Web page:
Here, though each of the appellants making these intertwined challenges to the sufficiency of the evidence has, of course, his special emphasis on his own noninvolvement, there is a common theme with all who challenge sufficiency on this fundamental basis. It could be summarized as being that the evidence did not suffice in the end to show the requisite agreement between the persons charged to carry out the widespread, long continued drug distribution enterprise, involving heroin, cocaine, and crack cocaine, that was charged in the indictments. Rather, the arguments run, all that was shown was a series of episodic drug purchases and sales involving various ones of the alleged co-conspirators, some wholesale, some retail, some handled directly, some by brokers, some peaceable, some accompanied by threats of violence, all involving alleged co-conspirators who maintained no steady relationships with each other in particular roles, did not all deal in all of the drugs charged, were not shown to be organized in any discernible structure, and were as often in competition as in cooperation with each other's drug trafficking endeavors. And each of these appellants then contends specifically that the evidence fails sufficiently to connect him, in any event, to any such large-scale conspiracy as was charged and might have been proven.
To emphasize their specific contentions, we summarize the evidence specifically related to each of these appellants, necessarily repeating some of that given in our general summary in Part I.
There was evidence that from 1982 into 1989, Kenneth Banks was a major middleman distributor of bulk heroin for re-distribution in the Tidewater Virginia area. In particular, the evidence established that from 1984 to 1986 he regularly supplied Gary Weathers with large amounts of heroin--15.02 kilograms over the period in packages of around seven and a half ounces--for re-distribution by Weathers through the extensive retail distribution operation that Weathers directed. There was also evidence that Banks at one time supplied Fernando Blow with heroin in bulk for re-distribution by Blow through his extensive retail distribution operation. Banks was shown by the evidence to have obtained some of his supply from an unidentified New York source, and for a time in 1989, from appellant Boone. Finally, there was evidence that when requested by Weathers, in a monitored telephone call following the latter's arrest, to aid Weathers by distributing a quantity of drugs on Weathers' account, Banks willingly complied.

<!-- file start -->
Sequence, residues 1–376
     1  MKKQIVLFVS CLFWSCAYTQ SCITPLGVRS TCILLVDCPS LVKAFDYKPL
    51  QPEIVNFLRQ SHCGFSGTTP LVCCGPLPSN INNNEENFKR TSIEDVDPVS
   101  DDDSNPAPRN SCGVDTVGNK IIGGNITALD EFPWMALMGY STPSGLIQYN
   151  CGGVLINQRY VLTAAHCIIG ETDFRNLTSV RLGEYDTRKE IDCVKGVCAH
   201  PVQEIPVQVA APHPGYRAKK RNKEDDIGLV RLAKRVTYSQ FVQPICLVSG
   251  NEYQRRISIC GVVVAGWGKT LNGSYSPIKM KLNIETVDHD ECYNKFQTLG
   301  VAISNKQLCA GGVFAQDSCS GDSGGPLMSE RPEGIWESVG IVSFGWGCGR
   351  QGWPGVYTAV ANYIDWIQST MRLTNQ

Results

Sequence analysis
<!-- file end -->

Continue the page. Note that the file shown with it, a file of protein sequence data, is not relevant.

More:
Banks emphasizes that despite this evidence of his extensive involvement as a middleman distributor of heroin in the Tidewater area during the period of the conspiracy, no evidence linked him in dealings with either Collins or Copeland, nor with any drug but heroin. And of course, he points to his acquittal on each of the three substantive offenses with which he was charged.
There was evidence that Blow operated an extensive heroin and cocaine retail distribution enterprise in the Tidewater area during the period of the conspiracy charged. The evidence showed that he received some of his heroin supply from Weathers and, when he fell out with Weathers, from Banks.
Blow emphasizes that despite the evidence of his heavy involvement in retail distribution of both heroin and cocaine, he was only linked by that evidence to two others of the alleged conspiracy, Weathers and Banks. He also points out that he was not identified either as a participant in nor the subject of any but one of the many monitored telephone conversations involving Weathers and Weathers' chief lieutenants. Finally he notes that no evidence identified the source of his cocaine.